As I was shopping for annuals this week, my candy-stripe-loving self ran headlong into my must-plant-for-butterflies self.
I started down my predictable checklist of: craziest coleus, latest calibrachoa (Million Bells), loudest hibiscus, anything chartreuse for contrast, etc., etc.
Then I reminded myself of my goal, running two years now, to plant for fragrance and pollinators, often the same goal. I looked at my selections. Fail, fail, fail. Cute, but no cigar smell.
But I couldn’t put them all back. I have to find a way to make it all work. By the time I get to all the garden centers, I’ll have enough plants to cover several goals — and at least two houses.
This week also brought a brief heat wave all the way into the 90s, with a forecasted boomerang back to the 60s. I think all gardeners are waiting on some kind of pattern while being in awe of the grab bag.
Extension agent Rebecca McMahon said she thinks it’s fine to plant most early-May vegetables, including tomatoes, but she’d still wait for more warmth before putting in peppers, melons, pumpkins, some squashes and basil.
Amid all the spring lushness, some plants are coming out of dormancy oddly, Rebecca says. Some people have been noting problems with some trees being slow to leaf out, including Jason Griffin, director of K-State’s horticulture research station in Haysville. And K-State says it’s received reports of trees in many areas of the state being slow to leaf out, losing branches or not leafing out at all.
While weather stress somewhere along the line – or everywhere along the line – is generally to blame, Jason has a theory about the slow leafing out of trees that fits in with the particular weirdness of this year.
“I think it’s because we had such a mild winter,” he says. “I don’t think we got enough cold. Trees we grow here need a certain chilling requirement – below 40 and above zero – to break bud." (See the Gardener’s Almanac on Page 2C for more discussion of tree stress.)
One tree that is confounding the laws of nature is a golden chain tree in bloom in Wanda Schneider’s backyard in northwest Wichita. The tree is not to be confused with the golden rain tree, common here. No, this golden chain tree is seen dangling its wisteria-like yellow flowers only in the pages of magazines in these parts.
"It shouldn’t be surviving," Jason says bluntly. "It’s amazing that it is. It would definitely prefer Boston or Maine. It just won’t take the heat. It must be well-protected."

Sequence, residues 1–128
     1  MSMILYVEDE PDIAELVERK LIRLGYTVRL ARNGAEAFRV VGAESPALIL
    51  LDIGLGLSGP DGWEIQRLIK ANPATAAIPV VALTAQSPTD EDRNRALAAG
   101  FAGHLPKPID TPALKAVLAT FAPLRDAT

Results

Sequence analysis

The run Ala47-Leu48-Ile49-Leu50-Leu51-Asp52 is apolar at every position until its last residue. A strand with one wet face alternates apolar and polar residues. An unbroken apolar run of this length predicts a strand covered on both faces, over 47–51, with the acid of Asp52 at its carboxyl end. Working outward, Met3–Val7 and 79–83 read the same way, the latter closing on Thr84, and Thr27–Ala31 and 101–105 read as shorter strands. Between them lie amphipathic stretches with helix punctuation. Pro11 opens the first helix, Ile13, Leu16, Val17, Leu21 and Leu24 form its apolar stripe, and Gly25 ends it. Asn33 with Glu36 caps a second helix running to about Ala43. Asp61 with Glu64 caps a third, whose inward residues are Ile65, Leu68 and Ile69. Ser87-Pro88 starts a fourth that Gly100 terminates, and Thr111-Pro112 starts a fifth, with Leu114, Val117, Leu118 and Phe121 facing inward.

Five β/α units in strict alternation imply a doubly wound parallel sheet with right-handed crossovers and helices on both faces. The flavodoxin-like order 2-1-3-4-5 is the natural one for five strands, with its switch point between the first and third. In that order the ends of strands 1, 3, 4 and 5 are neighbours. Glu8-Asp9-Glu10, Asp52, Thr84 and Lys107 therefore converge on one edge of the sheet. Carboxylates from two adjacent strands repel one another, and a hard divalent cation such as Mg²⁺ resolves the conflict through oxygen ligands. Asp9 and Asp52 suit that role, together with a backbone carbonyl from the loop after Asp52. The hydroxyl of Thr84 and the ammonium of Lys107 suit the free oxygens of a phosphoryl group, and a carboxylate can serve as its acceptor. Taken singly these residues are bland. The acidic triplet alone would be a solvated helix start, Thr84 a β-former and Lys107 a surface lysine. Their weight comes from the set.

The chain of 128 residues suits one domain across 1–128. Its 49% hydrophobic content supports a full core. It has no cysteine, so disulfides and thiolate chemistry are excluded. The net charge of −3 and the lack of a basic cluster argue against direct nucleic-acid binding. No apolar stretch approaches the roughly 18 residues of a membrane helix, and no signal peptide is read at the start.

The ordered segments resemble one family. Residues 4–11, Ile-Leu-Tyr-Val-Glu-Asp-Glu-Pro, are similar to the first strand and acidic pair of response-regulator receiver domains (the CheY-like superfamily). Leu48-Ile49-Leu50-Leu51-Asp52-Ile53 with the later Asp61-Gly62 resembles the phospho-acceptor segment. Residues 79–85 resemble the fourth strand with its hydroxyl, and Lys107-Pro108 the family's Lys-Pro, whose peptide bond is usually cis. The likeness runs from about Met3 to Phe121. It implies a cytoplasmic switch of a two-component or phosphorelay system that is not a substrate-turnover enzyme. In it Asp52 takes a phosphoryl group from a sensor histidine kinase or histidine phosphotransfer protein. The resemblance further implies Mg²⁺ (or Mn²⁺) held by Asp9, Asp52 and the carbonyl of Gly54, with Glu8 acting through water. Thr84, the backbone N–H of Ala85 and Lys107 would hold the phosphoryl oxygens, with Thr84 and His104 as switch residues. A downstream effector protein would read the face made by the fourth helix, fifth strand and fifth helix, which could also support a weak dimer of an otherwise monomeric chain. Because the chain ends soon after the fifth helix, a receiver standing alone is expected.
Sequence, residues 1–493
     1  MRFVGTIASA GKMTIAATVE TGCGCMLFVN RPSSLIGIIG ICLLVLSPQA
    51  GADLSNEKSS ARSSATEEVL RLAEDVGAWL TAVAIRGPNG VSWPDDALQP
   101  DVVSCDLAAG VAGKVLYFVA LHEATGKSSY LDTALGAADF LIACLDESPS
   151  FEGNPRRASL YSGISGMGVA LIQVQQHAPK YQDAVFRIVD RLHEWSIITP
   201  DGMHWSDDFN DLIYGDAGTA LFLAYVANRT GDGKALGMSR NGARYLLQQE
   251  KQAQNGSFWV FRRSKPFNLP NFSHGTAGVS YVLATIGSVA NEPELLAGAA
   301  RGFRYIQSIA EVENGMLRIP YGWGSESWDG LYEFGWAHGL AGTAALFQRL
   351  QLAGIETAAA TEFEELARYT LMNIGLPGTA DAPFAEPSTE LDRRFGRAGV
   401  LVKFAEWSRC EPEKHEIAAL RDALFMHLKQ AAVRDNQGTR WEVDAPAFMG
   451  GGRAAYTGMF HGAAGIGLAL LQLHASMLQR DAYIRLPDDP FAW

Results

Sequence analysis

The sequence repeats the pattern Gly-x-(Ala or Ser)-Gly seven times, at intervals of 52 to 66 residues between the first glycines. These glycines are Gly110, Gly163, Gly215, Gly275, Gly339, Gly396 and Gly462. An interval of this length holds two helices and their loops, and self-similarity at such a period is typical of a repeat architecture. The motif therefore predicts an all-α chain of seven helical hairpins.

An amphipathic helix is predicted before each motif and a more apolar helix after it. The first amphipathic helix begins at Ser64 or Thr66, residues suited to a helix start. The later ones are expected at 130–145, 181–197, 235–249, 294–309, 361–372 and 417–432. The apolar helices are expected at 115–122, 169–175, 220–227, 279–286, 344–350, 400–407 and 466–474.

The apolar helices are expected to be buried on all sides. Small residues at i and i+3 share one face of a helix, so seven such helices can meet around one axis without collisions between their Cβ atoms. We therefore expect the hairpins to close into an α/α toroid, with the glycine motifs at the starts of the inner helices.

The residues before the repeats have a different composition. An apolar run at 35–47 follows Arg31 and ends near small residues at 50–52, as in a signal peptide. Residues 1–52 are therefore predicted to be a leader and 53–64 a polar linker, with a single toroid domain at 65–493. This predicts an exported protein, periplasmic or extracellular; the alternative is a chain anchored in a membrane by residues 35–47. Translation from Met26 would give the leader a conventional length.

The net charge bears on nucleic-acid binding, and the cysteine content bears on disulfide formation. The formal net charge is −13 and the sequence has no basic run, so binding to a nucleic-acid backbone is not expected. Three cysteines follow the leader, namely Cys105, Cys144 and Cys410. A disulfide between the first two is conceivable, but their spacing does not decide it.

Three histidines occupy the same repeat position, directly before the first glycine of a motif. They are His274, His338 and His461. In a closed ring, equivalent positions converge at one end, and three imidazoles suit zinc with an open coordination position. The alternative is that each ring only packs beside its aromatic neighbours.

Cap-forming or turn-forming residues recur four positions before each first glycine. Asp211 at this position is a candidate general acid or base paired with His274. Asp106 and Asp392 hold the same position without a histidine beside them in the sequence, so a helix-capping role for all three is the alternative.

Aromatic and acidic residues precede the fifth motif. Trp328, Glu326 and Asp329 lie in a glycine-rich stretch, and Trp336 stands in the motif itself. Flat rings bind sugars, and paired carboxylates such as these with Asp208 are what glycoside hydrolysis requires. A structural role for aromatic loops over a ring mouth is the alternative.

It is. Wanda bought her golden chain tree (Laburnum) from Arnold’s Greenhouse in LeRoy when they carried it about five years ago, and she planted it on the north side of the house to avoid hot summer winds and give it afternoon shade. It was about 5 feet tall, and in three years it had grown to the top of her garage. She decided to cut it back last year so it would grow round, fat and wide — the way it’s usually pictured in magazines. She lopped 6 feet off of it. The result? “It has been blooming for three years, but this year it is really full.” She thinks it’s supposed to live about 15 years. Let’s remember to check back in 10.
A flower that is more common than the golden chain but not seen nearly enough for my taste is the Oriental orange poppy. I remember planting them from pots once ... and that’s the end of the memory. But they are one of the many flowers – roses, anyone? – loving 2012 and are blooming in big numbers in the Haysville yard of Pat Maechtlen. Pat has been growing the poppies for 30 years but has had numerous setbacks along the way. But this year? You guessed it.
“They just exploded. I’ve got them in every bed. This year they came up everywhere. The poppies started opening April 3, about two weeks early. … I guess all the weather was just right this year.”
The poppies in 2012’s hot color were so thick they even developed a bit of a fungus for the first time, but a fungicide took care of it, and opening up the garden to more air circulation is helping, too, Pat said.
Poppies are very hard to start from seed — Pat has never had any luck at it — and, because they spread by underground runners, transplanting them is “almost like trying to replant a weed — they’re hard to start.” One trick she has learned is that when they come up between the iris or some other plant, “if you move the whole thing, the iris and the poppy, they do OK.”
“One other problem is when they first come up they look like a dandelion; they have the same leaf. I think probably they get sprayed or pulled up. I’ve been careful to study the differences.”
Pat tries to spread the poppy love, but they won’t cooperate.
“I give so many away — dozens and dozens of roots and seeds. Only one person has been successful. It took me about 10 years. I went out every year; I dug them up, I got seeds. I just kept trying till finally something happened.”
Ah, the wonder of the mysteries of nature. No one ever knows for sure what that “something” really is.